It’s no secret writers need to stay current. One of the huge benefits of being in a group is the technical help and advice you can get. At about half of our meetings, our group tackles technology issues: social media tips, recommended apps and software, how to reap more benefits from a platform we already use—like LinkedIn, for example. We take turns presenting information as others take notes, which constantly reminds me how much we can learn from each other.
Additionally, groups can use technology to keep communicating between meetings. Our group has 18 members in a private Facebook group where, on a near-daily basis, we post questions, article links, industry events, and just check in. We also have a Google spreadsheet for listing rates for job-sharing purposes.
Inevitably all groups face growing pains and identity crises. “Can I invite friends to the group?” “Can we change our meeting format?” “Can we meet somewhere different?”
How should you respond to feedback and difficult questions? In my view, a healthy group lets members make decisions together. Writers tend to be analytical, creative, insightful—and opinionated. As a facilitator, I’ve found it’s hard to predict our preferences. The group’s needs often evolve and change, so it’s best to collaborate and work issues out together as respectfully as you can. Talking things out can hopefully prevent stagnation or resentments from setting in. For example, our group recently debated our size. With a regular in-person attendance of between four and eight people, you might assume we’d be gunning for more members. However, our discussions revealed that most of us strongly value the intimacy and conversational style of a smaller group. Now we know.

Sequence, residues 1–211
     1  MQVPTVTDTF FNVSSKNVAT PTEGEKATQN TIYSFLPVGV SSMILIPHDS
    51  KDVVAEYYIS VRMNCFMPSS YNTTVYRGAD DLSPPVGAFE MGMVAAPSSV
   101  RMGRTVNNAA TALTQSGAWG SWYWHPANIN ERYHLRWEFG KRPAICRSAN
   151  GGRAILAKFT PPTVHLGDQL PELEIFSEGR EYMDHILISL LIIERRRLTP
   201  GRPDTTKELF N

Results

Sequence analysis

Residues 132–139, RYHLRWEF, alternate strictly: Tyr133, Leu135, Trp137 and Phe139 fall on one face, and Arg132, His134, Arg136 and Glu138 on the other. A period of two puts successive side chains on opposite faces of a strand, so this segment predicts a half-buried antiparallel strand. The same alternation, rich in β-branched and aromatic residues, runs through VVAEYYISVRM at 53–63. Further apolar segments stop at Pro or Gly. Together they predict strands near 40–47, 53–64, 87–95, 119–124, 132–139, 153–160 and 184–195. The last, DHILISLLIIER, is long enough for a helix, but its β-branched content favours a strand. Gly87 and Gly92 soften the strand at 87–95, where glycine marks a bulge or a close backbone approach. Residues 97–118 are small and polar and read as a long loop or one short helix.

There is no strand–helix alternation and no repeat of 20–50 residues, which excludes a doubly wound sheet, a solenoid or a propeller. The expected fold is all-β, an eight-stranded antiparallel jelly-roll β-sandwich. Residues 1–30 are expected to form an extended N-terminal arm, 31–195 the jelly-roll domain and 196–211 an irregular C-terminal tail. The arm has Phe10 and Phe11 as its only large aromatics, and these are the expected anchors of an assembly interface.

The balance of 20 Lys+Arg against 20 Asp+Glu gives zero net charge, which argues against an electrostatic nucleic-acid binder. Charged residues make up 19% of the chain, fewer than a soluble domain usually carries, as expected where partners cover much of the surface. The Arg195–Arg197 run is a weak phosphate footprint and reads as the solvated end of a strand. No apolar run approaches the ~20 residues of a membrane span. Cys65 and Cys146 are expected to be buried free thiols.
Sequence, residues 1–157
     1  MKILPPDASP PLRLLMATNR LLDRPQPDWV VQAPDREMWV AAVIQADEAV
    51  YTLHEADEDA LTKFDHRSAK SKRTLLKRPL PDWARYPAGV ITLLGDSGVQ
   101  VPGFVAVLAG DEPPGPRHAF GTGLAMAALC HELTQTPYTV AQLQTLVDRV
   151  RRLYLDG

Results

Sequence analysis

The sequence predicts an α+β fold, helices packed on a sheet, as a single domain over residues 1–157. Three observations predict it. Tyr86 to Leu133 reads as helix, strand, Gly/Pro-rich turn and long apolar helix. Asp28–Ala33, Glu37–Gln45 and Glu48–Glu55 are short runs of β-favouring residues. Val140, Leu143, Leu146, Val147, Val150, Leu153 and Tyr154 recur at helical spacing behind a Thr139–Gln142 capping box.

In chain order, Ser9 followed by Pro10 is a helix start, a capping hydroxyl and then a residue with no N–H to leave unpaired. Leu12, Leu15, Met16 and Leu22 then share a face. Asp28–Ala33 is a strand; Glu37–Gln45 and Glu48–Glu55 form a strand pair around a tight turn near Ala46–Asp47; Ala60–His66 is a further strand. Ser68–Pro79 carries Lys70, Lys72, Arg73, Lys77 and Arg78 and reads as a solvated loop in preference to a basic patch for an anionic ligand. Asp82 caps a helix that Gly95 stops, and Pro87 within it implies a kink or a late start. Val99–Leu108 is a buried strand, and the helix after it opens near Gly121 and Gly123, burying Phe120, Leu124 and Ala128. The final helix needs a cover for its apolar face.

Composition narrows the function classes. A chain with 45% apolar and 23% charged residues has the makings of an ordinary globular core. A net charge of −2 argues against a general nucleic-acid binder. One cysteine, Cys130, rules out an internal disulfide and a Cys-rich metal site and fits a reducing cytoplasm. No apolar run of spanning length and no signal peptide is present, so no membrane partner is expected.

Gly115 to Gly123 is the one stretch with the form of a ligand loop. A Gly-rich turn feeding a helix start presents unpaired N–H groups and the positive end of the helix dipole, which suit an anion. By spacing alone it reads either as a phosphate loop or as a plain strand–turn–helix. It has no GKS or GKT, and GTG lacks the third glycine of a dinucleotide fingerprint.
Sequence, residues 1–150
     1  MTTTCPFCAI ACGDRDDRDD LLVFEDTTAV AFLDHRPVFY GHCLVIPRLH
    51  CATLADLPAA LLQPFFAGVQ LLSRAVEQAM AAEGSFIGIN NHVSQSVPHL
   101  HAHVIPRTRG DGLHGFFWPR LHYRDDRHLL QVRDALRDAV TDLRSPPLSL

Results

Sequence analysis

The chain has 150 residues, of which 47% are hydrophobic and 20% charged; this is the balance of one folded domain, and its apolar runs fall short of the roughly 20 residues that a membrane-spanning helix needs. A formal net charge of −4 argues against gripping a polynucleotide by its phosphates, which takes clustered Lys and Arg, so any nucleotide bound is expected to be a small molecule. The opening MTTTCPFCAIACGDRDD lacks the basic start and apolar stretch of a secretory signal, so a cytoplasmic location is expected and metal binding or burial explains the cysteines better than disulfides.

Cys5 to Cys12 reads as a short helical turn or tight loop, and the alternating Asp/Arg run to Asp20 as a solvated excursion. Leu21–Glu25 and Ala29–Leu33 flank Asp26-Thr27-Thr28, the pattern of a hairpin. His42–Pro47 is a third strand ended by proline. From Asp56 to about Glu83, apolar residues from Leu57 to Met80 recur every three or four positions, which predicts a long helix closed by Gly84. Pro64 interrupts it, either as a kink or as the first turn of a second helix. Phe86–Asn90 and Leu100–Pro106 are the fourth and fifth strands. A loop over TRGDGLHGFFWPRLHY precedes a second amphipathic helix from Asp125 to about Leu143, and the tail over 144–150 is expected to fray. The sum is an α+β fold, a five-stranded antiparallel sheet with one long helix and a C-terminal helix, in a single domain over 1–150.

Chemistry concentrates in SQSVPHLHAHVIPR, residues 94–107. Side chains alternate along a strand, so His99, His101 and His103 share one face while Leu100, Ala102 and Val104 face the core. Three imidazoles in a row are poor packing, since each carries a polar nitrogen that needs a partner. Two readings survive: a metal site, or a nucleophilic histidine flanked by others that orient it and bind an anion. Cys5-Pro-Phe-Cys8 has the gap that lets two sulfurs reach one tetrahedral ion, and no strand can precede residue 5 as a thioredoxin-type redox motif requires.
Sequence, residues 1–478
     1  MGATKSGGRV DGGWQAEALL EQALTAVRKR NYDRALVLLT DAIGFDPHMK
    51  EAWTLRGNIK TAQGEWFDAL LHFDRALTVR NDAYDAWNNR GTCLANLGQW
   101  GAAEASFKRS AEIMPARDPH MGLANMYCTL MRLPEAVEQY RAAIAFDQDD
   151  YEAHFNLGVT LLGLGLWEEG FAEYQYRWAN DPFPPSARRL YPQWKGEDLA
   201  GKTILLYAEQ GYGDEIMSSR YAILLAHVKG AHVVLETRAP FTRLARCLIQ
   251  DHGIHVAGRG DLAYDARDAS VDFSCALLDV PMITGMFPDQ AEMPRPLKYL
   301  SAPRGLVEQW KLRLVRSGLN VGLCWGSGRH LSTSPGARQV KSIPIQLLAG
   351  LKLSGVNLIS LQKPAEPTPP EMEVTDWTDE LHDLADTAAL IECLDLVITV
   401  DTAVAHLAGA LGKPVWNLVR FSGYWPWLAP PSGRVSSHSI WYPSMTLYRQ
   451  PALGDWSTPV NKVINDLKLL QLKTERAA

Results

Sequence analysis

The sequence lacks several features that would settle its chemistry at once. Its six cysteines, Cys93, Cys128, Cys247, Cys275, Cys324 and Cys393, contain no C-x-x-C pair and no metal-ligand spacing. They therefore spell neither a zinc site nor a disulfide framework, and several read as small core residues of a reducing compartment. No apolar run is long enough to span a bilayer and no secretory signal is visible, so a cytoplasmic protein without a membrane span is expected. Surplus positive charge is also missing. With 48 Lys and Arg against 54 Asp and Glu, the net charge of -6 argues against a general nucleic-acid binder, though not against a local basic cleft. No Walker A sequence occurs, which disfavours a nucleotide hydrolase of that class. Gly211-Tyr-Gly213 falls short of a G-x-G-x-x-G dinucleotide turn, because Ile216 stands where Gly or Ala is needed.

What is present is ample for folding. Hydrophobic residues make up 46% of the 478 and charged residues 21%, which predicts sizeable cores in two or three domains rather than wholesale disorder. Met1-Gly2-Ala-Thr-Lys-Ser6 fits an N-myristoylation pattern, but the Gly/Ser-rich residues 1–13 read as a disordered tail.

When it comes down to it, given the solitary nature of freelancing, finding support is a near necessity. For me, one of the most amazing aspects of being part of a group is you get a long view of the twists and turns of a career. Everyone takes turns going through rough patches, feeling uninspired, and taking risks. With a group, you get to share the excitement when things turn around and also review how far you’ve all come. Online groups can give you some of this, but nothing beats face time—oh, and getting out of the house to drink beer. In my experience, starting a group has been well worth the time I’ve put in, and I’d recommend it to all freelancers.